One of the best and most sustaining things about being a sportswriter is the sense of camaraderie you have with your colleagues. And one of the best things about that is that your colleagues aren’t just the brothers and sisters you see day-in and day-out, but the friends you make going from event to event to event year after year.
A lot of us are drawn to similar things, too. And one of those is Bruce Springsteen.
It’s such a trend that Drew Magary once wrote an article for Deadspin mocking it.
Just the same, I contacted a few to try to get at what it is we, the sportswriters, find so appealing about Springsteen.
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Dirk Chatelain, Omaha World-Herald: “I don’t think I’ve ever actually known a factory worker. I’d never been to New York City or the Jersey Shore. But I related to those songs. They were generally about small towns and big dreams, and that’s kinda who I was and wanted to be.
“People mock Springsteen’s working-class lyrics juxtaposed against his enormous wealth. But I don’t think he ever forgot where he came from.
“Nor did he ever embarrass himself. He was as authentic and humble as a Bruce Springsteen could be. He resisted the hype rather than embracing it. And he could laugh at himself. As silly as it sounds, you always felt like you could have a drink with him and it wouldn’t be a big deal.
Dennis Dodd (formerly of The Star), CBSSports.com: “The Boss’ ability to convey so much emotion, so many images within the limits of a song verse is what makes him a favorite of sportswriters. No blog, no Instagram, no Snapchat can capture what Bruce says in his brilliant words. Oh, plus the music is great.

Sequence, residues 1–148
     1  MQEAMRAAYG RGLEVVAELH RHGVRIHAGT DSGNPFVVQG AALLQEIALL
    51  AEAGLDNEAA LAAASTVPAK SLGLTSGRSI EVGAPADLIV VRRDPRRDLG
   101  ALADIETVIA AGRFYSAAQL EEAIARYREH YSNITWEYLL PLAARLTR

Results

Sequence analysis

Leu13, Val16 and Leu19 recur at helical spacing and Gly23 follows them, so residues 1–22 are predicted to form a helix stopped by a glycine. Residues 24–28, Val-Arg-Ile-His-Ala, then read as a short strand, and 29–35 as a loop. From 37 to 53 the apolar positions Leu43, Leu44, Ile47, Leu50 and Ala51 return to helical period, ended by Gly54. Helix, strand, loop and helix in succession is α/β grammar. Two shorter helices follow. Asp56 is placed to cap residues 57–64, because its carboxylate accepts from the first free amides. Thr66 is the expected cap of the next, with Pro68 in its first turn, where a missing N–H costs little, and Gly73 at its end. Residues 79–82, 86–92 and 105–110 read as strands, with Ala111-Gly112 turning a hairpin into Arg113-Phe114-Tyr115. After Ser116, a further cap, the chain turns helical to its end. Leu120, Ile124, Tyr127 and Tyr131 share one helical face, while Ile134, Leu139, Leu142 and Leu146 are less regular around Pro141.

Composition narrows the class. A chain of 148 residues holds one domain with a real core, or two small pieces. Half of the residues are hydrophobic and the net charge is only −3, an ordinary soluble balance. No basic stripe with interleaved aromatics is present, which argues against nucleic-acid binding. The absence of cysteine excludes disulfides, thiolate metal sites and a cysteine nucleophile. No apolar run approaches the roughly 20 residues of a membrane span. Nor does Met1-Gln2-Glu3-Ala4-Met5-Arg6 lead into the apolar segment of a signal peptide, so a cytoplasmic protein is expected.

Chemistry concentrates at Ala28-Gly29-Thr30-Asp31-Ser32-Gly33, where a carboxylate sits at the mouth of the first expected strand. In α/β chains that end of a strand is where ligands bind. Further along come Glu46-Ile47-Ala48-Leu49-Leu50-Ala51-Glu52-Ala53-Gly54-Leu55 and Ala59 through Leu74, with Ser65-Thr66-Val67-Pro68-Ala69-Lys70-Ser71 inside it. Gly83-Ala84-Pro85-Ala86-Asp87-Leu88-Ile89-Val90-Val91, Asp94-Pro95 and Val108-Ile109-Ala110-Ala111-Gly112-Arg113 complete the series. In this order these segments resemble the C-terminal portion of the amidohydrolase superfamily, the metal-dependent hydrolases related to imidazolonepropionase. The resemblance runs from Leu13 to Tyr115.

“A few examples …
“Badlands”: Poor man wanna be rich; rich man wanna be king; a king ain’t satisfied ‘til he rules everything.
“Point Blank”: You pulled my jacket off and as the drummer counted four / You grabbed my hand and pulled me out on the floor / You just stood there and held me, then you started dancin’ slow / And as I pulled you tighter I swore I’d never let you go.
Chatelain: “I only became a Springsteen fanatic after I bought ‘1975-85 Live.’ Bruce has this ability to raise the intensity level higher, higher, higher and — just when you think he can’t go higher — he does. It’s exhausting to watch. But it’s sort of a religious experience.”
K.C. Johnson, Chicago Tribune, says though his fandom has waned with Springsteen’s growing popularity, he still appreciates the art.
“In an age of superficiality and immediacy, Springsteen offers substance and commitment. His writing makes you think. His investment in live shows makes you sweat. And he strives for genuine connection with his audience, making it a communal experience.”
Todd Jones, Columbus (Ohio) Dispatch: “The first concert I ever attended was Springsteen’s final show on the River tour in 1981. I was 16. The power of that performance has never left me.
“That crackling night in Cincinnati, and the many times I’ve since seen him perform, has always made me feel that the moment matters. Be alive. Be passionate. Strive to be great. There is magic in the night. Feel it. Live it. Rock on.”